Formal partnership: Eurode, a body based on public law

Since 1 January 1998, Herzogenrath and Kerkrade have formed a public body by the name of Eurode. This authority has two administrative bodies, namely a council and an executive authority. In European terms, probably the first such body of its kind with two local authorities from two different member states.

The body’s council, known in local usage as the “Eurode Council”, is made up of eight members from the Kerkrade town council and eight members from the Herzogenrath town council. Every two years, the mayors of the two towns succeed each other as chair of the council.

The key difference with the previous informal “Eurode working group” is that a legal entity exists and the participating councils have a legal obligation towards each other. Sadly, up until now, binding resolutions cannot be taken by the “Eurode Council”. To this end, some arrangement based on European law still has to be arrived at in order for resolutions of the “Eurode Council” to be enacted by both town councils.

The hope is that supplementary treaties will offer some kind of solution to this problem in the future.

EBC at night
EBC at night

Both Herzogenrath and Kerkrade have set their sights on developing Eurode into a European city. Even if this does not prove possible on the basis of international law, either now or in the near future, there is a strong likelihood that both communities will draw nearer to each other and that, where desirable, there will be an ever closer degree of cohabitation.

A major obstacle to achieving this objective however are the national laws which are enacted on either side of the border. These are almost impossible to harmonise for the cross-border purposes to which Eurode aspires. Eurode is trying to get round this problem through a degree of regional experimentation - as well as a small dash of anarchism. It does this by interpreting national legislation to suit a specific design and by playing a pioneering role in adapting and harmonising national pieces of legislation. However, this is done with one underlying objective in mind: to improve the conditions of those living in the two border towns, and in particular, to minimise the problems faced every day by cross-border commuters. This encapsulates the concept of the first European city. With it, Eurode firmly believes in supporting the demands of numerous other Euregions, providing them with greater creative freedom when it comes to effectuating their cross-border objectives. We have formulated this as follows: Assign us the status of a Mini-Lichtenstein and we’ll take care of our problems ourselves.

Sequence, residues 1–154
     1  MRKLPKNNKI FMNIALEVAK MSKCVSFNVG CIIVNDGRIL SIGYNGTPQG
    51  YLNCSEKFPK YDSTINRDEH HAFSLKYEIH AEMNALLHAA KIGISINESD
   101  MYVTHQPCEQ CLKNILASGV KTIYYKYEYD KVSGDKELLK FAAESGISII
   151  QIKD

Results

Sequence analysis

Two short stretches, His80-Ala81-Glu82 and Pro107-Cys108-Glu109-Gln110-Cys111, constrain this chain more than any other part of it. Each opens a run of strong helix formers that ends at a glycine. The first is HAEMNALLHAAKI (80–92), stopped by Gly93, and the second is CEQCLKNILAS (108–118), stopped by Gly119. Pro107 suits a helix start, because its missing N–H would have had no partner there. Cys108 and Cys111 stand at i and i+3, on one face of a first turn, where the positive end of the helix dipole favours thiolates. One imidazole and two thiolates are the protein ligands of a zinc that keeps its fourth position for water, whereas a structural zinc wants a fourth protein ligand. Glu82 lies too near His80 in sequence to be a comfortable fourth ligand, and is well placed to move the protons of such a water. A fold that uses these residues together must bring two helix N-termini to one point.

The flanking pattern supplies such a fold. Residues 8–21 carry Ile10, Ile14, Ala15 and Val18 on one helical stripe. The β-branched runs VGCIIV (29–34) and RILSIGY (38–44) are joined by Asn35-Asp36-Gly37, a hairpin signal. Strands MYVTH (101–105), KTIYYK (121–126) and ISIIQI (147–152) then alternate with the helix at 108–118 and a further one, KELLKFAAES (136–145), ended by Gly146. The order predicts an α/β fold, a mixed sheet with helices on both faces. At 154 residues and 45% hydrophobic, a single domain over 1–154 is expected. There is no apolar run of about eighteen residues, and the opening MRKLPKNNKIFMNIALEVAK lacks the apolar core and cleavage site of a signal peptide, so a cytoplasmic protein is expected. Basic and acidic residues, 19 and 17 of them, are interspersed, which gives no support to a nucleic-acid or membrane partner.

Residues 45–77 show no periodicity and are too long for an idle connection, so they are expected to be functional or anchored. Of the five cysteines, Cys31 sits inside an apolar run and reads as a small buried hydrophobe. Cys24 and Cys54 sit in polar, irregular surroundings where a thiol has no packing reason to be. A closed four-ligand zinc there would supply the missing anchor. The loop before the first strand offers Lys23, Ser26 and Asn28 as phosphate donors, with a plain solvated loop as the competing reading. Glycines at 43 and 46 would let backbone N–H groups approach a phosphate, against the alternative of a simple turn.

The key aspects of policy relate to the following:

  • improving the economy
  • transport infrastructure
  • education
  • advice and guidance to cross-border commuters
  • law and order, and
  • culture and sport

Projects that have already been jointly effectuated in the key urban areas have proved instrumental to improving the quality of life for inhabitants of the region.

Founded on a spirit of trust and friendship, we are proud to report just some of successes already achieved, whereby participation in the key focal area of economic development in Herzogenrath and Kerkrade has been particularly active.

Examples include the Technologiepark Herzogenrath (TPH) and the Eurode Business Center (EBC).